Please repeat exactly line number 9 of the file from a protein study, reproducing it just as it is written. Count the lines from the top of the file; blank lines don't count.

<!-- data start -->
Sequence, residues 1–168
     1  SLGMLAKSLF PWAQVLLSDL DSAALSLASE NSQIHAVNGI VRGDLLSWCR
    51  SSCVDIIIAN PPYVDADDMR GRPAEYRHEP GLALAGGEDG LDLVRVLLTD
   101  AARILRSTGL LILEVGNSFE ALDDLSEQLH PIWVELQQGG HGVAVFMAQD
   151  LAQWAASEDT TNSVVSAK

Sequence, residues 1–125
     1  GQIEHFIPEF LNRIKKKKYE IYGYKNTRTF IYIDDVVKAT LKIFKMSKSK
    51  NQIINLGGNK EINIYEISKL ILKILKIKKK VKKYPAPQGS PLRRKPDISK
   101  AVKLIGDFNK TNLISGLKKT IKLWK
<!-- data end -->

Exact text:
   101  AVKLIGDFNK TNLISGLKKT IKLWK